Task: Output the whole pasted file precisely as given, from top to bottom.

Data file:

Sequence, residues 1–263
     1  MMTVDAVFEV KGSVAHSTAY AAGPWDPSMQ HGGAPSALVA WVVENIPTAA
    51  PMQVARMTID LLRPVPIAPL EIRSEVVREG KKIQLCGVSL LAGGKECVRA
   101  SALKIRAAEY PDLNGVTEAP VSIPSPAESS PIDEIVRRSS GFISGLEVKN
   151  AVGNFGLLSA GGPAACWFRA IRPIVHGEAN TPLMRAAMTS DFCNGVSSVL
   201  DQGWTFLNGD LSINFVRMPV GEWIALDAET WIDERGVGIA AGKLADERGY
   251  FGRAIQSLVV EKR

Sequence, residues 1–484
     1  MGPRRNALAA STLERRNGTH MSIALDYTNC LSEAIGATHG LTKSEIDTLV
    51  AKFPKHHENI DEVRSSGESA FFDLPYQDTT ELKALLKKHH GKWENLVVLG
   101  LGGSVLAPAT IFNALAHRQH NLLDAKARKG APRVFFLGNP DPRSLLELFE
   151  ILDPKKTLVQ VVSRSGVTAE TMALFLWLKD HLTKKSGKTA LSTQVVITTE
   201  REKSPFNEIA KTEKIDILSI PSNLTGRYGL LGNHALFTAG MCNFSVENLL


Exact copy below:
Sequence, residues 1–263
     1  MMTVDAVFEV KGSVAHSTAY AAGPWDPSMQ HGGAPSALVA WVVENIPTAA
    51  PMQVARMTID LLRPVPIAPL EIRSEVVREG KKIQLCGVSL LAGGKECVRA
   101  SALKIRAAEY PDLNGVTEAP VSIPSPAESS PIDEIVRRSS GFISGLEVKN
   151  AVGNFGLLSA GGPAACWFRA IRPIVHGEAN TPLMRAAMTS DFCNGVSSVL
   201  DQGWTFLNGD LSINFVRMPV GEWIALDAET WIDERGVGIA AGKLADERGY
   251  FGRAIQSLVV EKR

Sequence, residues 1–484
     1  MGPRRNALAA STLERRNGTH MSIALDYTNC LSEAIGATHG LTKSEIDTLV
    51  AKFPKHHENI DEVRSSGESA FFDLPYQDTT ELKALLKKHH GKWENLVVLG
   101  LGGSVLAPAT IFNALAHRQH NLLDAKARKG APRVFFLGNP DPRSLLELFE
   151  ILDPKKTLVQ VVSRSGVTAE TMALFLWLKD HLTKKSGKTA LSTQVVITTE
   201  REKSPFNEIA KTEKIDILSI PSNLTGRYGL LGNHALFTAG MCNFSVENLL